With chronic obstructive airways disease (COAD), there is ongoing blockage of the airways caused by emphysema or chronic bronchitis.
Sometimes, asthma and COAD will occur together. It is also possible that if you have asthma that is not fully controlled, repeated attacks over many years may themselves lead to COAD.
What is Emphysema?
Emphysema destroys the tiny air sacs in the lungs (alveoli), and the walls of the alveoli lose their elasticity and enlarge. As they enlarge, the diaphragm flattens, making it harder for the lungs to move air both in and out. It makes it difficult for the lungs to absorb enough oxygen or to expel enough carbon dioxide. As the lungs can’t repair the air sacs when they are destroyed, the damage is permanent.
The main symptom of emphysema is shortness of breath which gradually becomes more severe over many years. The damage to the lungs has however, been going on for a long time before you feel breathless. In the early stages there are no symptoms, and you may think it starts suddenly.
While some people with emphysema don’t have a problem with a cough or mucus, others find it very hard to dislodge mucus (phlegm) from their lungs.
What about bronchitis?
The second main cause of blockage of airflow is inflammation of the small airways in chronic bronchitis. This causes scarring of the walls of the airways, swelling in the lining, partial blockage of the air passages by mucus, and spasm of the smooth muscle. The swelling, mucus blockage and smooth muscle spasm can vary in severity from time to time. It may improve with “reliever” medication.
All forms of COAD cause air to be trapped in the lungs, with the number of tiny blood vessels in the air sacs decreasing. These changes impair the exchange of oxygen and carbon dioxide. In the earlier phases of the disease, the levels of oxygen in the blood are less, but carbon dioxide levels remain normal. In later stages, carbon dioxide levels rise, and blood oxygen levels fall even further.
What causes emphysema and chronic bronchitis?
By far the most common cause of emphysema and chronic bronchitis is smoking. Also, the disease progresses much faster in people who carry on smoking than those who give up. People ask why some get COAD and others do not. We don’t know why, as some are more susceptible than others.
Doctors can’t predict who will get COAD, but they do know who is at higher risk. Other risk factors include:
• passive smoking
• air pollution
• an inherited condition called “Alpha-1-protease inhibitor deficiency” - a natural substance in the blood which protects your lungs from smoke, pollution, dust and infections. If you lack this you may eventually suffer severe emphysema.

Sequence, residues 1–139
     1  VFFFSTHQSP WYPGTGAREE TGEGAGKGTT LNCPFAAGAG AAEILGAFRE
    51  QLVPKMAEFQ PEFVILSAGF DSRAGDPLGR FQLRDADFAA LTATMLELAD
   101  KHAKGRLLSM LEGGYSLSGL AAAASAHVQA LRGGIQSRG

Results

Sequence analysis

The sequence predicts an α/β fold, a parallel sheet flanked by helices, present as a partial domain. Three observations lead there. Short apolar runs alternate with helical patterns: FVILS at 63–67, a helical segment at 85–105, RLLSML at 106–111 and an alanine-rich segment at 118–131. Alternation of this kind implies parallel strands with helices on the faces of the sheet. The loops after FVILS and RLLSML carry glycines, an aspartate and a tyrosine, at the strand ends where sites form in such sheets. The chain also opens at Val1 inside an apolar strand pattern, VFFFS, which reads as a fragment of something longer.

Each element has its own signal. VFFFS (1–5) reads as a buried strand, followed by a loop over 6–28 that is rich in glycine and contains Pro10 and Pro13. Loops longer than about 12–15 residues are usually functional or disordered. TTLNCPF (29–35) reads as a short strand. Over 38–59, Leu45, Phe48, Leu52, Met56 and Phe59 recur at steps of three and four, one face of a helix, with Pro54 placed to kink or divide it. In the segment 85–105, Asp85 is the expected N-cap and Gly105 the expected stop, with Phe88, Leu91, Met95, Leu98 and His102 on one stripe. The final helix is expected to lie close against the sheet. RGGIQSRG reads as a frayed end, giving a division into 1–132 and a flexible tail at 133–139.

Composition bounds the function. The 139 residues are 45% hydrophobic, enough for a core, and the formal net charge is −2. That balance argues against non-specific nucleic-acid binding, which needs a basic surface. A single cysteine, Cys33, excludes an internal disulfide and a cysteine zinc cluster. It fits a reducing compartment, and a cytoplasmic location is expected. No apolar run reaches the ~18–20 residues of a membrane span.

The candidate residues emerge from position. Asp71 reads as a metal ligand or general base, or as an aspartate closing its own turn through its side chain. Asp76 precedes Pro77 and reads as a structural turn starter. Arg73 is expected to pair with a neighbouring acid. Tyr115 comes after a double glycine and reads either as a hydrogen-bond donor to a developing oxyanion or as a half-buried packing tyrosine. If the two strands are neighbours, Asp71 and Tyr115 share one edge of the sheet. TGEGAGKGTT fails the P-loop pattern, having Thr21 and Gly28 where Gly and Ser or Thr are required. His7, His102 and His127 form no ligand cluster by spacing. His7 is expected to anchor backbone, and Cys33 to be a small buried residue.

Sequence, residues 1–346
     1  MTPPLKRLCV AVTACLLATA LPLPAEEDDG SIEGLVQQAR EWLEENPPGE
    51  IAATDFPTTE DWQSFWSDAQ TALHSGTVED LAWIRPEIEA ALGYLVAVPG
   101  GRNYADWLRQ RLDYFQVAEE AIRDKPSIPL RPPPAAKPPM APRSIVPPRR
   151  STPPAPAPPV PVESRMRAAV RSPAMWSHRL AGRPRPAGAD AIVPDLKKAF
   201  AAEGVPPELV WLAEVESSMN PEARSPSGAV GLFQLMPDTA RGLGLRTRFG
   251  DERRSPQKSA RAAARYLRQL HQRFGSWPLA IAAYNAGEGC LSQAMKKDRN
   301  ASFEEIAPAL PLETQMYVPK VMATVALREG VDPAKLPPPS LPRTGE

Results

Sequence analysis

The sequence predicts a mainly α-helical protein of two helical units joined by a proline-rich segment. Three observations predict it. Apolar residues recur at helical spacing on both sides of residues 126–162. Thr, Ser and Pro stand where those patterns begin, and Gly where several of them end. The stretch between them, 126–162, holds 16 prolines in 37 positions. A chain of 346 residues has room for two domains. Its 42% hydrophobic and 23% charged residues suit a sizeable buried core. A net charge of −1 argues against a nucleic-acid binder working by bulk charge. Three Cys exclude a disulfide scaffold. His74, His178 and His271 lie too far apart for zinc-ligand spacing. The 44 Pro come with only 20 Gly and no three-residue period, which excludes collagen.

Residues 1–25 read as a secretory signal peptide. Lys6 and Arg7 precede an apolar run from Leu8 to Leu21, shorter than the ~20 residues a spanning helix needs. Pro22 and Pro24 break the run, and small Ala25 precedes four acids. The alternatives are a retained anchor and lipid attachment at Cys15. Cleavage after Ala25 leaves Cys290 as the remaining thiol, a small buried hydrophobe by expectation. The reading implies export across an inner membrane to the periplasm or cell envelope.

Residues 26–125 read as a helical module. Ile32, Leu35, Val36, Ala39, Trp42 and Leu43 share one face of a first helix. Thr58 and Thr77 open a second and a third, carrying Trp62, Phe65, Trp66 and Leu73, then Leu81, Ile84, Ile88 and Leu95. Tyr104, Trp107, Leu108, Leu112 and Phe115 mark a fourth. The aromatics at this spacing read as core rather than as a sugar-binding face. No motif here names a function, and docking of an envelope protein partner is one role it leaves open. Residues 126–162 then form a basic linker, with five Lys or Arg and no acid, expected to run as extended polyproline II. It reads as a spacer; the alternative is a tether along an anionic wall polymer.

What are the symptoms of COAD?
The earliest symptom (which may appear after as little as 5-10 years of smoking), is a cough and phlegm, most often when getting up in the morning. The cough is generally mild and many people call it a “smokers cough”. There is also a tendency for colds to settle on the chest. During chest colds, the phlegm often becomes yellow or green because of infection. As years go by, chest colds come more often. There may also be wheezing.
By the age of 60, many people with COAD have shortness of breath on effort. This may eventually impact on your activities of daily living such as showering and dressing.
About one third of people with COAD have weight loss and some may develop swelling of the legs.
How is COAD diagnosed?
In mild COAD, the physical exam by your doctor may reveal little apart from a few wheezes. A breathing test will show the degree of airway blockage. This is a simple test, quite painless. In a person with COAD, the test shows reduced airflow when you exhale air
Your doctor may also want to measure the amount of oxygen in your blood. This is a simple routine test. The less oxygen in your blood, the more severe is the COAD.
Once your condition is diagnosed, your doctor may prescribe medication to help control your symptoms. If you are not getting enough oxygen to your blood, your doctor may prescribe oxygen. You will be referred to a company that provides home health care services. This company will deliver your oxygen and show you how to use it.
What can you do about COAD?
By far the most important way to slow down the progress of COAD is to STOP SMOKING. If you stop smoking, the disease will slow down. It won’t stop entirely.
You can learn to breathe better, for example with “pursed-lip” breathing and “diaphragmatic” breathing. You can help prevent lung infections and shortness of breath by keeping your lungs free of mucus. You can do this with controlled coughing and postural drainage. You do this by lying in certain positions which allow gravity to drain excess mucus from your lungs.
Regular exercise will build your strength and endurance safely and slowly while doing things you enjoy.
What you eat can affect how you breathe and how well you feel. Maintain a healthy weight, drink lots of fluids to keep mucus thin and eat a balanced diet.
If you get a cold or flu, make sure you seek medical treatment early. Also seek treatment if you have:
• fever or chills
• chest tightness that doesn’t go away with normal medication
• increased coughing, wheezing or shortness of breath
• increased blood in your mucus, mucus with odour or that is green or yellow
• swollen ankles
• irregular pulse
Berkow, R (1997) The Merck Manual of Medical Information, Merck Research Laboratories, N.J.
Hart, D (1992)Chronic Bronchitis and Emphysema, Victorian Tuberculosis and Lung Association (Booklet)
Krames (1995) Chronic Obstructive Pulmonary Disease, CA (Booklet)
Written & reviewed by the Respiratory Team, 2M, the Wesley Hospital, 2006.
Disclaimer: This information is intended as a guideline only and reflects the consensus of the authors after a literature review. The sources used are believed to be reliable and in no way replace consultation with a Health Professional.